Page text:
Page 23 - 2019 Mil/Aero eBook
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experience” and “something everyone should do.” The decent is where microgravity occurs. This phase lasts about 20 seconds and a typical parabolic flight test will experience this about 30 times per flight.
Designing the Face and Voice
The ability to maintain eye contact and communicate are essential skills for an assistant, so the service bot needed a face. In CIMON’s case, the face is a simple line drawing displayed on a front-facing screen. Since acceptance by the astronauts was one of the engineers’ primary challenges, the team invited Gerst to be a part of the design phase to ensure that CIMON was an assistant that the astronaut could comfortably work with. Gerst was presented with several voices and faces to choose from to ensure that he would be happy with the result and to provide him with a sense of ownership and familiarity when he and the robot finally met on the ISS.
This is a composite image of CIMON on the ISS. (Source: DLR/T.Bourry/ESA)
An integral part of CIMON’s ability to assist astronauts is the IBM Watson AI system, which provides the core speech comprehension element. When someone speaks a language to an AI-enabled robot like CIMON, the robot’s job is to identify intent. When a message arrives via audio stream, it is translated into written language so the system can understand and interpret its meaning. Once the identification of intent is complete, the AI system generates an answer based on several keywords in one sentence.
Eisenberg said that the AI will always understand words that align with its training, but that this is why a system that is working fine with a small project group can react in an unexpected way when a new person tries to interact with it. Aware of this potential problem, the team had Gerst interact with the AI for two sessions. These sessions made the AI familiar with Gerst and acclimated him to working with CIMON’s AI. Much like aeronautic radio chatter, the crew on the ISS has created a specific way of talking based on keywords that have well-defined intentions, so CIMON should not have any trouble interacting with other crew members in the future.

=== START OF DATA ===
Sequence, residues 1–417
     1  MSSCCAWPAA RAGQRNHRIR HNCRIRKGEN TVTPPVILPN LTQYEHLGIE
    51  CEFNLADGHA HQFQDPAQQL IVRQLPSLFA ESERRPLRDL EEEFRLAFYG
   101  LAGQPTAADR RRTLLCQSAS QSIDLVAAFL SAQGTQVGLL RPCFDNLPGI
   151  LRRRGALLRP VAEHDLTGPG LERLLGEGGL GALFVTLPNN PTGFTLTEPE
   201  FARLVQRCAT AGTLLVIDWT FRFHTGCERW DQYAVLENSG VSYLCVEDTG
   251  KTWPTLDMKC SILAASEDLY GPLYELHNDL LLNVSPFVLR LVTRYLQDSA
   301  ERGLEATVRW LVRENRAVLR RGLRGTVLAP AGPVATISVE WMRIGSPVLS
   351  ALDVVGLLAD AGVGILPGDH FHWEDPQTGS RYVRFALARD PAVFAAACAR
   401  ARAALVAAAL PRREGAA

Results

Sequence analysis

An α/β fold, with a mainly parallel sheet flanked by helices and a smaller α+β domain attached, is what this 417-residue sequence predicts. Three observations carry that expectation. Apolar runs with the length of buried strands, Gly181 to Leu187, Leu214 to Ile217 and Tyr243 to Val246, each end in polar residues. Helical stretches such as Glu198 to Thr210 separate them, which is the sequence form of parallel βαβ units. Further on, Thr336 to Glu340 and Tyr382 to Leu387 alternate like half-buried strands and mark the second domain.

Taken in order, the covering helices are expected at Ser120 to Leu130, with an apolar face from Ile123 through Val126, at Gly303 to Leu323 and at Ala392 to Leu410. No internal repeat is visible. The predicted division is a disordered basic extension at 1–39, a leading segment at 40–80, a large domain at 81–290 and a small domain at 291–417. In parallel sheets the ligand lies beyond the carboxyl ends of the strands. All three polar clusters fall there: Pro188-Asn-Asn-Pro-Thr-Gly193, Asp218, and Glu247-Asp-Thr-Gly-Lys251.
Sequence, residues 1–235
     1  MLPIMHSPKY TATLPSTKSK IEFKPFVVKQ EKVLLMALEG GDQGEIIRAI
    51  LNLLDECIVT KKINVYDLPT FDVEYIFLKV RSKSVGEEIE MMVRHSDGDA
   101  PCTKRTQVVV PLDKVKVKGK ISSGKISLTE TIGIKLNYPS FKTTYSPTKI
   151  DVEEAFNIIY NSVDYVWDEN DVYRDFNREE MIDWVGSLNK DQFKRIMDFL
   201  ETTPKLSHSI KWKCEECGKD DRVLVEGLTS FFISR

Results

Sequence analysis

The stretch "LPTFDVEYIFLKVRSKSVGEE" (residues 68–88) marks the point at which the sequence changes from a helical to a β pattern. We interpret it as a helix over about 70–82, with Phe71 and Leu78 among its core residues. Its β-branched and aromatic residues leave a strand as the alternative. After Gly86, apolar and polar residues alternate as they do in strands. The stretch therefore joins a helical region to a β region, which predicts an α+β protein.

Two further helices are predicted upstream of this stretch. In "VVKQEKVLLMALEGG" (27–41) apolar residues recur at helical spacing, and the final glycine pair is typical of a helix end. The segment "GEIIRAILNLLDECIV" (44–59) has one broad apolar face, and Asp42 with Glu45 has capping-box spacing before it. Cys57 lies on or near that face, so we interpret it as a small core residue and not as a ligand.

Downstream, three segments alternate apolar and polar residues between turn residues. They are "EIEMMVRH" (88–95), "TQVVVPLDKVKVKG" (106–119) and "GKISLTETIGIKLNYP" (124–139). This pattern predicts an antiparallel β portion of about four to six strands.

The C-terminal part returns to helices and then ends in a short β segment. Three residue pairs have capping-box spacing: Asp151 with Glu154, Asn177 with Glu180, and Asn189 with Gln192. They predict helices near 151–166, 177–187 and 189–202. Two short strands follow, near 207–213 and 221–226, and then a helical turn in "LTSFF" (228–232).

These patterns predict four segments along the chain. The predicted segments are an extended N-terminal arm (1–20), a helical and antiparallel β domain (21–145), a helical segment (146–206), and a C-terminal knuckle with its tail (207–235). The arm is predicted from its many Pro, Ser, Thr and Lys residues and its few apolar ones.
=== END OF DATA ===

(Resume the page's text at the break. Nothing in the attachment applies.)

Designing Interconnect Systems
CIMON depends on a great deal of space-grade connector and cabling technology especially designed to provide high-reliability operation in such an extreme environment. Space-grade interconnect technologies call for extensive qualification to meet high performance standards established by governing authorities in order to ensure compliance in applications where failure would lead to catastrophic damage or losses. Reliability is of utmost priority to ensure the success of the mission, so special materials are often warranted to ensure optimal performance. While space itself is extremely cold, the internal heating of components is possible in designs that have limited conventional cooling and could potentially expose connectors and cabling to extremely wide and dynamically modulating temperature extremes. Small size and low mass are important to ensure that things fit into the limited available space and that mission objectives for overall payload size and space are maintained. Retention forces and mating connections must be ensured to avoid connection failures under even extreme conditions.

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